The IDAES Integrated Platform is a comprehensive set of open-source Process Systems Engineering (PSE) tools supporting the design, modeling, and optimization of advanced process and energy systems. By providing rigorous equation-oriented modeling capabilities, IDAES helps energy and process companies, technology developers, academic researchers, and the DOE to design, develop, scale-up, and analyze new PSE technologies and processes to accelerate advances and apply them to address the nation’s energy needs....

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    IDEAS PSE Computational Platform Wins 2020 R&D 100 Award

    The IDAES Integrated Platform is a comprehensive set of open-source Process Systems Engineering (PSE) tools supporting the design, modeling, and optimization of advanced process and energy systems. By providing rigorous equation-oriented modeling capabilities, IDAES helps energy and process companies, technology developers, academic researchers, and the DOE to design, develop, scale-up, and analyze new PSE technologies and processes to accelerate advances and apply them to address the nation’s energy needs. The platform is based on and extends the Pyomo optimization modeling environment originally developed at Sandia.  IDAES has taken the core optimization capabilities in Pyomo and not only built a domain-specific process modeling environment, but also expanded the core environment into new areas, including logic-based modeling, custom decomposition procedures and optimization algorithms, model predictive control, and machine learning methods.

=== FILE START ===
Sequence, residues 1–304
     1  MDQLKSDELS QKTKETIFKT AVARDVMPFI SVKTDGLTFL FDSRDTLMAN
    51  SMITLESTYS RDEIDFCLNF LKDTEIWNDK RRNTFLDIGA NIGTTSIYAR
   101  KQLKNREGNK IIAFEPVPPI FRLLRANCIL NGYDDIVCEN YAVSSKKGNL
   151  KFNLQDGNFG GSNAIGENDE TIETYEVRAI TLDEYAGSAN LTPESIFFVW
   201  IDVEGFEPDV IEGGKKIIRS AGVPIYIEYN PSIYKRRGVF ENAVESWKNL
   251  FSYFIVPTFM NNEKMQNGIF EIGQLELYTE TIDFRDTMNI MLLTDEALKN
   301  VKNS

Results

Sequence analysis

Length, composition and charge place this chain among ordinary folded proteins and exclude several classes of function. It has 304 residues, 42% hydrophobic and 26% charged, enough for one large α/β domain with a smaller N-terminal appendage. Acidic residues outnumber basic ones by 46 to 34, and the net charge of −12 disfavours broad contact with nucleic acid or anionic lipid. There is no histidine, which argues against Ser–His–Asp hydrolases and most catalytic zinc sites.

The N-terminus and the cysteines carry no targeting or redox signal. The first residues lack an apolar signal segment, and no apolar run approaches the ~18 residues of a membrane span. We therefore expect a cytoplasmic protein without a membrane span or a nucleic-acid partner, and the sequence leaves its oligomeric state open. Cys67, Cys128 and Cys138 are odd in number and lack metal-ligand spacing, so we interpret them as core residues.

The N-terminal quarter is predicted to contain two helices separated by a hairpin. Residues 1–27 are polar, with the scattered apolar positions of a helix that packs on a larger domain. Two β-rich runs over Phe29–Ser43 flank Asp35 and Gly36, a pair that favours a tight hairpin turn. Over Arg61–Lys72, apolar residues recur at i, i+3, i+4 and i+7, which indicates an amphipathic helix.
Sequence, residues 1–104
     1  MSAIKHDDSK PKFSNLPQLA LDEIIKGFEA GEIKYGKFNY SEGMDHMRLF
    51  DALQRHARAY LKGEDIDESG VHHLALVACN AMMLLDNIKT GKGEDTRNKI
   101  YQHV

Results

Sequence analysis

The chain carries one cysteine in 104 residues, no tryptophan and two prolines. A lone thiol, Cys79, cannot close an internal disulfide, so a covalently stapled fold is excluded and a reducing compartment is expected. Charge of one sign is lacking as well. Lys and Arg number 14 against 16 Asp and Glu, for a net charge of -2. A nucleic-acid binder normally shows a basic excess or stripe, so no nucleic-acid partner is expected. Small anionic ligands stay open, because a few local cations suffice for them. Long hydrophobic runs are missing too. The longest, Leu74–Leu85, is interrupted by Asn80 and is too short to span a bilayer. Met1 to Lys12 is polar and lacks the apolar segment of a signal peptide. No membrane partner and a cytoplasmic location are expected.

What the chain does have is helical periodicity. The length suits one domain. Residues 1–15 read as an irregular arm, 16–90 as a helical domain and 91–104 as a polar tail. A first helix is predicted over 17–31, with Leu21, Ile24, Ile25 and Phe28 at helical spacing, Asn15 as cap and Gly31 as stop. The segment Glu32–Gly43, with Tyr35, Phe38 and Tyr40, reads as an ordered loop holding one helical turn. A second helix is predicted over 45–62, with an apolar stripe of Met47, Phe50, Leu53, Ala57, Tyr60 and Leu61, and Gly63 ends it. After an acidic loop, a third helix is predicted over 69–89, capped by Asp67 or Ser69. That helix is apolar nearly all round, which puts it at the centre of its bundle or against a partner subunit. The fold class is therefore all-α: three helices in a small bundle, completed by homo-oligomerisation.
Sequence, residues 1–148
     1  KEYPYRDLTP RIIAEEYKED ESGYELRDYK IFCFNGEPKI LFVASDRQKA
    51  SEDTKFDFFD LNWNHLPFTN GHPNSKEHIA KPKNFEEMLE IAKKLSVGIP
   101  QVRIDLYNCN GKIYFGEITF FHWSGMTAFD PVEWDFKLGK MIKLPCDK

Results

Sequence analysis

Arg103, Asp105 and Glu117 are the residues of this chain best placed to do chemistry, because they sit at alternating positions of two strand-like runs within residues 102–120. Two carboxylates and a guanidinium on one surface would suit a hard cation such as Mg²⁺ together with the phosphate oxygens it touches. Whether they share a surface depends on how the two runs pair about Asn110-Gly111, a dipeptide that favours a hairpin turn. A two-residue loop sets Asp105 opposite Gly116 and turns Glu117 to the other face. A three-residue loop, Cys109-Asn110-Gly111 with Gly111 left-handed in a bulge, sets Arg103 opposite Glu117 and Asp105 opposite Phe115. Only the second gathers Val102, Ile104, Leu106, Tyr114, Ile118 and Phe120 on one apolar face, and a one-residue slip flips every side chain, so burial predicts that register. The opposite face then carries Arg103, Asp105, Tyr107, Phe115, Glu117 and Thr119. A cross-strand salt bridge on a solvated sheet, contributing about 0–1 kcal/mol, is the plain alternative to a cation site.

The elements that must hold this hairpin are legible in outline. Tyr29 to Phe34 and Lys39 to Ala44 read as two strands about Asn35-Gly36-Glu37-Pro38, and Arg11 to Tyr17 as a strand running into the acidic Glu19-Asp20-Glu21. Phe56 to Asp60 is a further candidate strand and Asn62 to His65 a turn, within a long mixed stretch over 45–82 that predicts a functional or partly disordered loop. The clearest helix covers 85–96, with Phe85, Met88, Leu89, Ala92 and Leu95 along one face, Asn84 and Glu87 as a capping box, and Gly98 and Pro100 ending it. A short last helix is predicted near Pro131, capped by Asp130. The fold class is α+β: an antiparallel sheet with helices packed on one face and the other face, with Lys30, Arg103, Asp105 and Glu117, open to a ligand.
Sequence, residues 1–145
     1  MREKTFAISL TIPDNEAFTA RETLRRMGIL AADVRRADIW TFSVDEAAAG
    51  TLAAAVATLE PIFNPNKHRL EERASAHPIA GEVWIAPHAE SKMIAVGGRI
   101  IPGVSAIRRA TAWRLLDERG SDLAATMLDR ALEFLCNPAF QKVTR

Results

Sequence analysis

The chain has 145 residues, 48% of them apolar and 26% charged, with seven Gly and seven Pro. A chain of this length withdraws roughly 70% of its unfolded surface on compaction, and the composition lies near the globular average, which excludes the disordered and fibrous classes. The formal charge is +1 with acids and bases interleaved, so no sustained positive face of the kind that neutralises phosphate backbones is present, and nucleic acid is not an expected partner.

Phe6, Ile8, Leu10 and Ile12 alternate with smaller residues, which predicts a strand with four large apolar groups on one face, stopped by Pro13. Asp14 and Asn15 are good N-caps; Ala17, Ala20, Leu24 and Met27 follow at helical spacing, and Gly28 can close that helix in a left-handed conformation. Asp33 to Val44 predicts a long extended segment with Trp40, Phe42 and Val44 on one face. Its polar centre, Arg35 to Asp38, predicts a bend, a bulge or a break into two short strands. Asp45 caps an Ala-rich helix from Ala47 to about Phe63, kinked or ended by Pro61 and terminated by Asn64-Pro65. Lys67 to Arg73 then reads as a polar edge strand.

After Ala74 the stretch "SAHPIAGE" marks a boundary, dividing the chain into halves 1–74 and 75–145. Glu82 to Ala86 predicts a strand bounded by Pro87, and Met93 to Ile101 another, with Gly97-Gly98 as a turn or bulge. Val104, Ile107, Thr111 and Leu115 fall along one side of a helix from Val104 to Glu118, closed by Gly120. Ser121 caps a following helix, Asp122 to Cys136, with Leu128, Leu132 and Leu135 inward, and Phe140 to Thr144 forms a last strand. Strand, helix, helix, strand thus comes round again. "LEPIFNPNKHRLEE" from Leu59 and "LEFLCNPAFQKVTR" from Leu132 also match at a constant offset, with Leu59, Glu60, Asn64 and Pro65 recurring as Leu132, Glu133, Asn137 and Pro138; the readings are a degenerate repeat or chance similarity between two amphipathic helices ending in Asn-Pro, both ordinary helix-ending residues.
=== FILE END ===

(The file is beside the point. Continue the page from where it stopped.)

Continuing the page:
The IDAES PSE Computational Platform is developed by the Institute for the Design of Advanced Energy Systems (IDAES) and was recently awarded a 2020 R&D 100 Award.  Led by National Energy Technology Laboratory (NETL), IDAES is a collaboration with Sandia National Laboratories, Berkeley Lab, West Virginia University, Carnegie Mellon University, and the University of Notre Dame.

     

    For more information on IDAES, see https://idaes.org

     

     

     

    Contact: Siirola, John Daniel
    January 2021
    1255795

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  • Investigating Arctic Climate Variability with Global Sensitivity Analysis of Low-resolution E3SM.